American interventionism isn’t just sending in the Marines – more often it’s sending in the President. The “bully pulpit” has worldwide resonance, and President Obama recently used it to urge the British to reject “isolationism” and stay in the EU. As usual with the White House – and not just this one – the little lecture was accompanied by a threat: if the Brits abjured his advice, and that of British Prime Minister David Cameron, they would be put “at the back of the queue” when it comes to signing trade deals with the US.
This is nonsense, as London mayor Boris Johnson pointed out: the European Union’s routinely protectionist stance would actually made it harder rather than easier to negotiate any kind of trade deal. But Obama, undeterred by the furious reaction to his intervention in the debate, continued his assault on British “isolationism” the next day, averring that it would take a decade for the US to agree to freer trade with the British in the absence of the EU.
I had to laugh when I read the following in the Bloomberg piece linked above:
“The comments extended the rare intervention of a U.S. president into another nation’s domestic politics. On Friday, Obama stood beside Prime Minister David Cameron to admonish the British electorate about the perils of embracing an isolationist stance.”
“Rare”? In what universe? I’m sure the peoples of South and Central America, not to mention more recent victims of US meddling in Ukraine and other places too numerous to list, would be very interested to hear how “rare” this is!
Indeed, the entire history of post-World War II American foreign policy is the story of US intervention in the internal affairs of nations from Western Europe to Eastasia. What other country has agencies of government devoted to bending the politics of other nations to their will?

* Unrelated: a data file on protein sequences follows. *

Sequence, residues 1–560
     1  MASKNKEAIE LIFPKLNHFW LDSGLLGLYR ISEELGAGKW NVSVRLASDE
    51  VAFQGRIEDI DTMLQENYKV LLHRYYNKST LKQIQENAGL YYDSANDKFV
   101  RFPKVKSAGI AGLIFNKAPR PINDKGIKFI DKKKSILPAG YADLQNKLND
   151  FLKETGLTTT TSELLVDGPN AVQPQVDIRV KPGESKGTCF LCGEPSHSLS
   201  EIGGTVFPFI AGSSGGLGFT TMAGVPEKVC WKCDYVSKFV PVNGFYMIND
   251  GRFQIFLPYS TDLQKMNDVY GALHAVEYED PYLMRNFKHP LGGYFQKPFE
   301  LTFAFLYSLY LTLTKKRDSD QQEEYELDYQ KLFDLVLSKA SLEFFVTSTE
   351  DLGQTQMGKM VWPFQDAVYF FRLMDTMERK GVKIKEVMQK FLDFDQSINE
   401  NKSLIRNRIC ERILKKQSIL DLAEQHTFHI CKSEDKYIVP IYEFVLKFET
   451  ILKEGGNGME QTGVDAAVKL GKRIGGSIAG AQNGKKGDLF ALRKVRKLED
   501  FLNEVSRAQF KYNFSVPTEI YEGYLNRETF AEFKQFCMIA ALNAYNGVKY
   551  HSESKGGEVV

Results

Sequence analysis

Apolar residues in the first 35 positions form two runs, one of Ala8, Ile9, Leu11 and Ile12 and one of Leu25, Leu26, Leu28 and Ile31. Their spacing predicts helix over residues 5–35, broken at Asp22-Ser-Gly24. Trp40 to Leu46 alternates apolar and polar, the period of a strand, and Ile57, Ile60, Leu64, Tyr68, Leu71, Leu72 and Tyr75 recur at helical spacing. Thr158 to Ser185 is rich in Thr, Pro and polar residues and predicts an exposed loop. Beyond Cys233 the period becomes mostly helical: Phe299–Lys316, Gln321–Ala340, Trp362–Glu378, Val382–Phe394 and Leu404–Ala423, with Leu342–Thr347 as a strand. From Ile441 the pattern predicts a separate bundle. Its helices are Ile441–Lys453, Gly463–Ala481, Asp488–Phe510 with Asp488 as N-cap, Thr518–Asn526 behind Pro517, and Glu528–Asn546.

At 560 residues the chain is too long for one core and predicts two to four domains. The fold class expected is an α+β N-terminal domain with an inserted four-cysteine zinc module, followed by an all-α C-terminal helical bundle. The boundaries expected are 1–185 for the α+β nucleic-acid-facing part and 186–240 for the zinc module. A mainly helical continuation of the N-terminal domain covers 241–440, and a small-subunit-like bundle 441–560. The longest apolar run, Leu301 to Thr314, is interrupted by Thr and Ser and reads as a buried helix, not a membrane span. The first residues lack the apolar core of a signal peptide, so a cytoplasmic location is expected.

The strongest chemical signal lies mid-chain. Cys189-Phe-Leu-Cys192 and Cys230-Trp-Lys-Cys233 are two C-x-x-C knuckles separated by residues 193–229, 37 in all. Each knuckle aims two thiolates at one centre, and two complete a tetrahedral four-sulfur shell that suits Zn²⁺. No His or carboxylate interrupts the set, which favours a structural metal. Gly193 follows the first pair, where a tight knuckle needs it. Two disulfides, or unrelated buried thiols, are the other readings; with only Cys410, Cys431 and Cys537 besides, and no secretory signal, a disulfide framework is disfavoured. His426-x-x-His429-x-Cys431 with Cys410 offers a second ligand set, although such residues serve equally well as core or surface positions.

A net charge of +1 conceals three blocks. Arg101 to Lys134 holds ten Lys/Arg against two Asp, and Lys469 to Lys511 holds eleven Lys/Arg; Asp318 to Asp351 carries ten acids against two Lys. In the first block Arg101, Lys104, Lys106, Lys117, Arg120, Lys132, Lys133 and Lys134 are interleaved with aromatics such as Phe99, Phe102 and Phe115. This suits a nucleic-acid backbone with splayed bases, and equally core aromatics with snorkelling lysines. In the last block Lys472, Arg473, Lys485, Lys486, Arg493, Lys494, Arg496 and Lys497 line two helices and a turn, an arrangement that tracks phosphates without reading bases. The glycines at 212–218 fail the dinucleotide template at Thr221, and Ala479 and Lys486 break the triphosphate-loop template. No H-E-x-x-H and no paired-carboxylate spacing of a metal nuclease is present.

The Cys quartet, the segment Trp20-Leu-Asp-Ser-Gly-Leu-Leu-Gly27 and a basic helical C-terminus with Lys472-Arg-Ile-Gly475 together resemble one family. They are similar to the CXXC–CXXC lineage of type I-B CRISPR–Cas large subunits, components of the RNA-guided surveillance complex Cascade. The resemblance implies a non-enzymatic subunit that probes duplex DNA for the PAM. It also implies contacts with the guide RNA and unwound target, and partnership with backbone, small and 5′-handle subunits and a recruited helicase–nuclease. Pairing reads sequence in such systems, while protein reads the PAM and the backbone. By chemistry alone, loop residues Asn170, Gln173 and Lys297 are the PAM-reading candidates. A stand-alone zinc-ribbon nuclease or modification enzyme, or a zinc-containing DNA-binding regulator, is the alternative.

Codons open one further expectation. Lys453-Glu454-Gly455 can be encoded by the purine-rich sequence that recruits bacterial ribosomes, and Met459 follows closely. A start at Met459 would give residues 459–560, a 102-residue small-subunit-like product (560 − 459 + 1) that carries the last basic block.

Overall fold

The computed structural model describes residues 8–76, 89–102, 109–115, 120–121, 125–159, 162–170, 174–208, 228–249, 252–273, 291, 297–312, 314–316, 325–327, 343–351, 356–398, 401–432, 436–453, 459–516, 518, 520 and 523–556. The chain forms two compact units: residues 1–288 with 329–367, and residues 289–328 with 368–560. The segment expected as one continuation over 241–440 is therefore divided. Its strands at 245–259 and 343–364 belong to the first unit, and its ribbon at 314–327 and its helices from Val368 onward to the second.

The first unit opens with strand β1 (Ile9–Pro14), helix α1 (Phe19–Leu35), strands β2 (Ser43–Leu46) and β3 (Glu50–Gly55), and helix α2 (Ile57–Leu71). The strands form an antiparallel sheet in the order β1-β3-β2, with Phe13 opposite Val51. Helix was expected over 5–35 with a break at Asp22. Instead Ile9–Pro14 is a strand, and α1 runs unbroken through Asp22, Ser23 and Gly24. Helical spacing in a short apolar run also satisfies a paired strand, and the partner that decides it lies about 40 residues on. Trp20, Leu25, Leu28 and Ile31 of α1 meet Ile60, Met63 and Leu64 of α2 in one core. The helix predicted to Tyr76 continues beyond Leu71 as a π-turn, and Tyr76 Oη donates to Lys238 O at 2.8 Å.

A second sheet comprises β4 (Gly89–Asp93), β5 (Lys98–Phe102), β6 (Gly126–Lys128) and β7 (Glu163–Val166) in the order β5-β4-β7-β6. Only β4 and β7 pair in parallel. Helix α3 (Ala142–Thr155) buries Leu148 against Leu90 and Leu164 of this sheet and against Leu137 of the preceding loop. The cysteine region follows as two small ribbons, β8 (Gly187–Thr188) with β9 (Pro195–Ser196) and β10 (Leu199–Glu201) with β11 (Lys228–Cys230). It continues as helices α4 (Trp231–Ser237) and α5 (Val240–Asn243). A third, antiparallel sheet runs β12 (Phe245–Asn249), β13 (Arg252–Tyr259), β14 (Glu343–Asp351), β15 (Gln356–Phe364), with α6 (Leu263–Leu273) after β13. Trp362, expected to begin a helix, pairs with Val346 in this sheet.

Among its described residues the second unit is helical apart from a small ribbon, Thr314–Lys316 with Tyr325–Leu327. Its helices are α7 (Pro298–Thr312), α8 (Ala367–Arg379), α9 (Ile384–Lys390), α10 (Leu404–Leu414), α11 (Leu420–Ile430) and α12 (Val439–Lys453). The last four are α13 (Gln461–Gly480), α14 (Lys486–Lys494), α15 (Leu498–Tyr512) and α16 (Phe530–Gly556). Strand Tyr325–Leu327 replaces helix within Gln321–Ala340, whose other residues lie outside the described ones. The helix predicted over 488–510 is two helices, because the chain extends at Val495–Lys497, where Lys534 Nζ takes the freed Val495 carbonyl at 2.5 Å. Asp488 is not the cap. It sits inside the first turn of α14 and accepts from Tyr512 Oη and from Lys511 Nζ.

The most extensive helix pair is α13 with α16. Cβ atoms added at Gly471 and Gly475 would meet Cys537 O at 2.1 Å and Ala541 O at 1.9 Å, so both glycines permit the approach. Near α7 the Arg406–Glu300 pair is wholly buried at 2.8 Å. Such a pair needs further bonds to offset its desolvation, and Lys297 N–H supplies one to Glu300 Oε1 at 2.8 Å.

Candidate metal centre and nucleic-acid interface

So why is an American President intervening in the internal politics of a major ally, provoking a reaction that, incidentally, doesn’t help his case? Note how he couples the EU with NATO:
“Speaking to about 550 invited British young people at a ‘town hall’ event on Saturday, Obama sought to pitch a more optimistic message to young Britons, who are considered to be more pro-European, if less active, voters than their parents.
“Obama said he wanted young people to reject the cynicism piped towards them by TV and Twitter, and he lauded both the European Union and NATO for sustaining peace and prosperity in Europe after centuries of war and strife.
"’Think about how extraordinary that is: For more than 1,000 years this continent was darkened by war and violence. It was taken for granted. It was assumed that was the fate of man,’ Obama said at Lindley Hall in London. ‘We see new calls for isolationism, for xenophobia,’ Obama said. ‘When I speak to young people, I implore them, and I implore you, to reject those calls to pull back.’"
The military-geopolitical aspect of the EU is key to understanding Washington’s enthusiasm for it. The EU is the political component: NATO is the military aspect of the Western powers’ forward march. If the West, victorious in the cold war, is to push its boundaries into the former Soviet Union, then this one-two combination is an essential strategy for the planned expansion. And the rationale for this new aggression is impeccably “progressive”: Without the wise guidance of unelected bureaucrats in Brussels Europe will descend into a new dark age. All nationalism, no matter how pacific, is evil. All opposition is “isolationist.”